“We needed equipment obviously and we got financial support – in terms of a loan – from the Development Bank of Seychelles. From there, the group flew to Singapore to buy equipment.
“Once we got back we were ready to rock”! he added with a cheeky grin.
And rock they did! Since their formation, Zenith has performed in almost all hotels on Mahe. This went on for 16 years after which the team relaxed a little and began performing regularly at the Berjaya Beau Vallon Bay Resort every Friday where they still play today.

Musical inspiration

Peter, being the lankiest of the bunch, stretched out his long limbs and declared, quite loudly I might add, “Kassav and Level 42 –  I rather like their style and the sound of the keyboard is nothing short of fantastic...I also adore playing Sega music.”

Brian, being more reserved seemed to ponder the question for a while before replying “Toto – outstanding keyboard playing.”
I was starting to wonder why they like keyboards so much.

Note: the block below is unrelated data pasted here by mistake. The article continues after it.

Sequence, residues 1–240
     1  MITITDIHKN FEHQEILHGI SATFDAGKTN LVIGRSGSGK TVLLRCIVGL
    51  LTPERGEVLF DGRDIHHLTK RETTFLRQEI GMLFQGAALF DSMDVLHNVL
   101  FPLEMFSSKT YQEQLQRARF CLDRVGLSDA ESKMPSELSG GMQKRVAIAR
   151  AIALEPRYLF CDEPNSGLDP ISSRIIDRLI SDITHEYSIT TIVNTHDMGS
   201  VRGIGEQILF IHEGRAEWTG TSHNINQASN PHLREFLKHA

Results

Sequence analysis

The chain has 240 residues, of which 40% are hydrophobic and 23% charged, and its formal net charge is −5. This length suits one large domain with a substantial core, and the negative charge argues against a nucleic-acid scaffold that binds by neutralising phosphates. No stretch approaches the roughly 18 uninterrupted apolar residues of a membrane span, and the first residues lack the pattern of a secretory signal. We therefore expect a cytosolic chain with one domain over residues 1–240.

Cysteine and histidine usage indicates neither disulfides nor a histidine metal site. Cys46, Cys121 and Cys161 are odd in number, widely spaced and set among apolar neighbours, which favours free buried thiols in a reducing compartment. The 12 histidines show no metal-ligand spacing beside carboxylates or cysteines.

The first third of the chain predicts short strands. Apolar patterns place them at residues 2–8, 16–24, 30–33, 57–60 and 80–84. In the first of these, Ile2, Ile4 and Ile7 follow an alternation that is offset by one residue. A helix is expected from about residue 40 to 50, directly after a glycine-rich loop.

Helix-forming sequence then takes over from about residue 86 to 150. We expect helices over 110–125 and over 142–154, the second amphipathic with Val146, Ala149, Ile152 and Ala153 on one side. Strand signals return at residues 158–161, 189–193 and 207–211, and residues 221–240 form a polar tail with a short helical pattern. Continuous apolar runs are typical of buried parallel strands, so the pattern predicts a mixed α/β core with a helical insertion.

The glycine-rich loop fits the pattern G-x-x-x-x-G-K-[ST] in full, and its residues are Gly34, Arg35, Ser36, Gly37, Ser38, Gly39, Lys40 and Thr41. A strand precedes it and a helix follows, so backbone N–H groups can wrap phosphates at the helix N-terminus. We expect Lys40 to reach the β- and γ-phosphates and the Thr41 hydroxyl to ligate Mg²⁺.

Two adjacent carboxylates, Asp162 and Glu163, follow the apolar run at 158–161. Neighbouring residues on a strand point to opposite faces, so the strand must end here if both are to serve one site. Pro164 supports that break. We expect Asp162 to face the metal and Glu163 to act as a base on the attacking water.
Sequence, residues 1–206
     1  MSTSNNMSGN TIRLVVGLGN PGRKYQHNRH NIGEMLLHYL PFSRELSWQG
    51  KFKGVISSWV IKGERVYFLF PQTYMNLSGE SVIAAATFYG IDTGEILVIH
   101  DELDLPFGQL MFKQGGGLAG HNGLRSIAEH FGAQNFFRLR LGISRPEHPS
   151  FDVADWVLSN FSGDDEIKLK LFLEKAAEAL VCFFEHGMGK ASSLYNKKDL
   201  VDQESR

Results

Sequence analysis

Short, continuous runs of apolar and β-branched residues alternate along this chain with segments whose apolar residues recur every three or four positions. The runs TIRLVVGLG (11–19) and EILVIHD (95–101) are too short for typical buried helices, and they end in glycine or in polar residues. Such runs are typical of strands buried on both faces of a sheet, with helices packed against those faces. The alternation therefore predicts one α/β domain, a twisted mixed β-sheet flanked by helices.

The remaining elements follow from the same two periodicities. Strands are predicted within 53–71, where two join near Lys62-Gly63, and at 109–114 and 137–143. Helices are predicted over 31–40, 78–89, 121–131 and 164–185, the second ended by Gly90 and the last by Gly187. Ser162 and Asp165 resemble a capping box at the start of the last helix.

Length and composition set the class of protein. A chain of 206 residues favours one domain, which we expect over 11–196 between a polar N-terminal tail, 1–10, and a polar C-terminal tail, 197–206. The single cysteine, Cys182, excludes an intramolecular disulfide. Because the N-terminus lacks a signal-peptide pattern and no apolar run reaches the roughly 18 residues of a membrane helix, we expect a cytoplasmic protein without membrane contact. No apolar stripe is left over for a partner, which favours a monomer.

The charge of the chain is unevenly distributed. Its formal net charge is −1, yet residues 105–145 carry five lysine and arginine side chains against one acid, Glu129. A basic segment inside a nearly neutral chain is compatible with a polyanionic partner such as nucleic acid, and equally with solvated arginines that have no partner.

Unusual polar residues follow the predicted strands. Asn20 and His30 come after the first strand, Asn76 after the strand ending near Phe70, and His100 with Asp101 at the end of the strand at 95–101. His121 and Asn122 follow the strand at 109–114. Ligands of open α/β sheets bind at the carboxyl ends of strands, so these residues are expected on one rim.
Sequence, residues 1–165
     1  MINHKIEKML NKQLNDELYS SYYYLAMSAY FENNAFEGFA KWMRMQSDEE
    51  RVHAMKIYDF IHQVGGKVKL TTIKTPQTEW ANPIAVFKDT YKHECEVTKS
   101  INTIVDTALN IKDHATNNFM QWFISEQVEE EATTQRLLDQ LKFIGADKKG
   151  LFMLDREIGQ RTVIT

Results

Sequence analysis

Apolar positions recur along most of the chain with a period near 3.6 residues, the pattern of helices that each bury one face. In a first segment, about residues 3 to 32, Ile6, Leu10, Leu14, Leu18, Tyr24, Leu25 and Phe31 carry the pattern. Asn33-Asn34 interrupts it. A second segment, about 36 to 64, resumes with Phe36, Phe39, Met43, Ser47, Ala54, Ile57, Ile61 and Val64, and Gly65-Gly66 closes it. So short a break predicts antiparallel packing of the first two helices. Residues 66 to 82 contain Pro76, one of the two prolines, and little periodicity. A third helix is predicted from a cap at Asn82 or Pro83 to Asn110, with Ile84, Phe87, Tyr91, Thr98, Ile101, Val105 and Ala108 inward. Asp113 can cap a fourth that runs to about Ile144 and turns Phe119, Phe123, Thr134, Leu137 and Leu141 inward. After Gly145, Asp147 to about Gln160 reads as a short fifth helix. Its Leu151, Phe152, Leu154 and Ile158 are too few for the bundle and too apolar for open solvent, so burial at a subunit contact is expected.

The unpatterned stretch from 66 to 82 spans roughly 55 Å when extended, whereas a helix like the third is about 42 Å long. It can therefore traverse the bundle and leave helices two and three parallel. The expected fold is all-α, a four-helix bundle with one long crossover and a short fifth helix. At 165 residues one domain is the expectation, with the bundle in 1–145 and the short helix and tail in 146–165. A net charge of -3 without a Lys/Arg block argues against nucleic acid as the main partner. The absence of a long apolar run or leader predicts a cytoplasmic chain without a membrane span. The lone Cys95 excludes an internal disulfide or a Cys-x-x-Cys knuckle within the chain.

“The thing is,” said Peter, “nowadays, less guitar is heard in commercial songs and more keyboards – usually one replacing the function of a guitar or whichever instrument. We only have one guitarist in our group and that’s Joel.”

“I enjoy songs with powerful lyrics such as Lis dans mes yeux  by Garou and music by Cassiya, but I have to say the late Michael Jackson is my all-time idol. He is THE BOMB!” said Roy, specifically asking me to not re-write his comment in past tense.
What can I say, the guy really likes Michael Jackson!

On learning how to play

“I was literally born into a family of musicians,” said Peter. “I guess you could say it’s an inherited talent – I never really read notes and mostly played what I heard by ear.”
“Same here,” said Brian. “Mostly from what I hear – then I played for a while in church which is where I learned about the proper function of notes.”

Roy had a longer story – “I was around nine when the drums found me, well, sort of – I would usually grab any empty tin or cans that I could get my hands on and “play” them until my dad could afford to buy me a real set of drums. I was around 12 at the time and I remember it being a huge deal! I felt on top of the world that day!” he remembered.

On keeping up with the times and promoting ‘band’ music